Quadcopter Free-Fall Testing From 4,000 Feet Is Destructive Fun

What happens when you drop a quadcopter from thousands of feet up?

1 min read
Quadcopter Free-Fall Testing From 4,000 Feet Is Destructive Fun

What happens when a quadrotor loses power a few thousand feet in the air and plummets back to Earth? I have no idea. You probably have no idea. But someone has a very, very good idea, because they've done some experimenting. RcTestFlight built a quadrotor, slapped a camera on it, sent it up to over 4,000 feet (1,220 meters), and then cut the motors just to see how it fared.

Quadcopters, like anything else, tend to fall like rocks when they lose power in the air. Unlike rocks, however, they have props, but this isn't necessarily going to save them. When unpowered and falling, the props spin in the opposite direction as they're supposed to, which does sometimes add a bit of lift and stability (this is good), but can also prevent the motors from being restarted (this is bad). And larger props seem to offer greater lift at the expense of passive stability. I love the idea of those passive flaps, but what I really love is that some guy just decided that he'd figure out what happened to quadcopters in free fall, and then went out and actually did it. We salute you, Mr. RcTestFlight guy. Well done.

Also, we should mention that doing this is almost definitely illegal in the United States, since you're not supposed to exceed 400 feet (122 meters) with a quadcopter. So if you try this, be safe and don't get caught. And then send us video.

[ RCTestFlight ] via [ DIY Drones ] and [ Hackaday ]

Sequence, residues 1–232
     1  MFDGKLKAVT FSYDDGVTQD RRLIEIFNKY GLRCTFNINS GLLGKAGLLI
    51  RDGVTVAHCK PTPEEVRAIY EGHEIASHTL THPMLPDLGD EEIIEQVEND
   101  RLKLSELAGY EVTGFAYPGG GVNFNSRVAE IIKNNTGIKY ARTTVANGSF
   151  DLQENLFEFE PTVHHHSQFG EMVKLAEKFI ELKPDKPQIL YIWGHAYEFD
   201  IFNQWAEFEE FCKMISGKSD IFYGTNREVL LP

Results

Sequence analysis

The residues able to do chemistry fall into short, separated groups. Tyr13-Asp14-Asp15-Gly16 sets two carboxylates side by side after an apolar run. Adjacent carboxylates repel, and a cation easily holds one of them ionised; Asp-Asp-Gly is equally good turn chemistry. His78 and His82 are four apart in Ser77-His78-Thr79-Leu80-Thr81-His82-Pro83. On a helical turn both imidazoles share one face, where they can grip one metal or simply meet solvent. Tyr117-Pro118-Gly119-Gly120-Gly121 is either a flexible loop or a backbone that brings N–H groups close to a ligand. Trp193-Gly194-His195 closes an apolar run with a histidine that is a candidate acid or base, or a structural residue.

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How Robots Can Help Us Act and Feel Younger

Toyota’s Gill Pratt on enhancing independence in old age

10 min read
An illustration of a woman making a salad with robotic arms around her holding vegetables and other salad ingredients.
Dan Page
Blue

By 2050, the global population aged 65 or more will be nearly double what it is today. The number of people over the age of 80 will triple, approaching half a billion. Supporting an aging population is a worldwide concern, but this demographic shift is especially pronounced in Japan, where more than a third of Japanese will be 65 or older by midcentury.

Toyota Research Institute (TRI), which was established by Toyota Motor Corp. in 2015 to explore autonomous cars, robotics, and “human amplification technologies,” has also been focusing a significant portion of its research on ways to help older people maintain their health, happiness, and independence as long as possible. While an important goal in itself, improving self-sufficiency for the elderly also reduces the amount of support they need from society more broadly. And without technological help, sustaining this population in an effective and dignified manner will grow increasingly difficult—first in Japan, but globally soon after.

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